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ID Case Conference April 9, 2008. Gretchen Shaughnessy, MD Clinical Fellow Dept of Infectious Diseases. CC: SOB.

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id case conference april 9 2008

ID Case Conference April 9, 2008

Gretchen Shaughnessy, MD

Clinical Fellow

Dept of Infectious Diseases

cc sob
  • 46M presented to PCP with SOB and cough productive of white sputum. No hemoptysis, cough had been progressive over the past 3 weeks. He had been on Biaxin x 10 days without improvement. He’d also noticed some orthopnea, but denied any post-nocturnal dyspnea. Over the past 4-6 weeks he reported a 20lb wt loss and intermittent night sweats. Admitted to Outside Hospital for further workup.
  • During admission to Outside Hospital the patient had a normal echo (no pulm HTN), chest CT with moderate R pleural effusion and LLL interstitial process.
  • Sputum cultures and pleural fluid analysis and cultures were done.
  • Bronchoscopy with biopsy done day 6 of hospitalization, complicated by tension pneumothorax requiring chest tube placement.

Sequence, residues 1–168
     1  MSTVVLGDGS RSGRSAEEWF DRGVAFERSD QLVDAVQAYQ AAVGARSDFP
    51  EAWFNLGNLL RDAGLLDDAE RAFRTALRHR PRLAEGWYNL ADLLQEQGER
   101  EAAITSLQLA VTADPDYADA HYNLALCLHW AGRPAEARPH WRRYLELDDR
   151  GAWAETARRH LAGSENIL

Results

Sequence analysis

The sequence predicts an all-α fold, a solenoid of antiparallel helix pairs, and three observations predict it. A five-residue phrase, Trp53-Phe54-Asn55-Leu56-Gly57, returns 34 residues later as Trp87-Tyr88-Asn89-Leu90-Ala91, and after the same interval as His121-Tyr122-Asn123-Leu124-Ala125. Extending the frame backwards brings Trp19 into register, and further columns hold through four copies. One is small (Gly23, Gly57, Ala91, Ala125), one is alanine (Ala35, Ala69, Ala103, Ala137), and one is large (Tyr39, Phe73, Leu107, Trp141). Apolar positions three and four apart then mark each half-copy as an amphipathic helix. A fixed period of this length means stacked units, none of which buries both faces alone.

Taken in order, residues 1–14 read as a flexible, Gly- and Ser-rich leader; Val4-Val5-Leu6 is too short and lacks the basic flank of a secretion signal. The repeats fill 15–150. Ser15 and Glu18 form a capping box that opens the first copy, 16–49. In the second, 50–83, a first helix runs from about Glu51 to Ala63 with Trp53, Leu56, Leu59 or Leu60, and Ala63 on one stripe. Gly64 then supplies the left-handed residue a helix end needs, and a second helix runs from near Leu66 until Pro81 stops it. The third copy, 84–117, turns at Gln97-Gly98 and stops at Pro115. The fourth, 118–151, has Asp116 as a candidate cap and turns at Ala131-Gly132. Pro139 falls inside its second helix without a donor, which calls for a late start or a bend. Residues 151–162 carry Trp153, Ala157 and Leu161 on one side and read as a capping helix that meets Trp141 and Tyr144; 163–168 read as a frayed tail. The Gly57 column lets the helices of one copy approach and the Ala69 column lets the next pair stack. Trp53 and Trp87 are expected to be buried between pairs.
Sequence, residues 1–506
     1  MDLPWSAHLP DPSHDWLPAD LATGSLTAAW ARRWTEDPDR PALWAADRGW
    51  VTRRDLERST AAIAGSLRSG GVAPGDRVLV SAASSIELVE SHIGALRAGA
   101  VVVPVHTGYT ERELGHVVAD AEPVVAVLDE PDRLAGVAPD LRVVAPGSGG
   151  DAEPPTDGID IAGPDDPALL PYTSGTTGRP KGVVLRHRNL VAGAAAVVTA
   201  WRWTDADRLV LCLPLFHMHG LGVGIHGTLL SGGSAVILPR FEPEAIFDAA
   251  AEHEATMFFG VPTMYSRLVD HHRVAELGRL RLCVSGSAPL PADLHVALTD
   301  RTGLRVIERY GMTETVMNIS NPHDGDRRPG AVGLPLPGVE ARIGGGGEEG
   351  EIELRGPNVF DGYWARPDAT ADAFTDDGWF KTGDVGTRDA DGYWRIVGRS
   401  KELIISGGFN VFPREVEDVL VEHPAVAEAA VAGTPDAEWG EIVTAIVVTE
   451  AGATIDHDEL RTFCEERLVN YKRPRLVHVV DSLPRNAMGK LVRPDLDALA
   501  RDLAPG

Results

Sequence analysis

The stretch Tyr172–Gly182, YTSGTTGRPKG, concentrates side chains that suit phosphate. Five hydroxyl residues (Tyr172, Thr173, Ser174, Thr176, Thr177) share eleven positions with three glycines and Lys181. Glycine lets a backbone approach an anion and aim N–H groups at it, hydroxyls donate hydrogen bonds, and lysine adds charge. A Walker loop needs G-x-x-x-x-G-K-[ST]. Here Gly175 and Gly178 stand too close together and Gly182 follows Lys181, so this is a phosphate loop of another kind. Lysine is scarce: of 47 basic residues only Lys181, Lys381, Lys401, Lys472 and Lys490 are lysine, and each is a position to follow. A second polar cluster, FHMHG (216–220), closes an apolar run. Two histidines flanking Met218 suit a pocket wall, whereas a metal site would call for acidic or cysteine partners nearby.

• Despite broad specturm antibiotics and chest tube placement his respiratory status declined from 11/14-11/23. Transferred to UNC MICU.
  • HTN
  • DM – type II
  • GERD
  • Hiatial Hernia
  • Hyperlipidemia
  • h/o R shoulder surgery in 2001
  • CRI – baseline Cr 1.6
  • Allergies – NKDA
  • Atenolol 100mg daily
  • Nexium 40mg daily
  • Glyburide 5mg po BID
antibiotic history
Antibiotic History
  • 11/4-11/14 Biaxin
  • 11/14-11/23 Azithromycin & Ticaricillin/clavulanate
  • 11/21-11/23 Methylpredisolone 60mg IV q8h
social history
Social History
  • No tob, ETOH, or drugs.
  • Currently works in construction, former truck driver. A few weeks ago was sweeping parking lots and exposed to a lot of dust.
  • No recent sick contacts.
  • No recent travel.
  • Frequently rides in a friend’s van that is used to transport chickens and rabbits (patient has never encountered the animals in person)
  • History of travel to the southwest as a truck driver, but none in the past 2 years.
  • Denies HIV risk factors, has never been tested.
family history
Family History
  • Mother - DM type II
  • Father – ETOH induced liver disease
  • No family history of autoimmune disease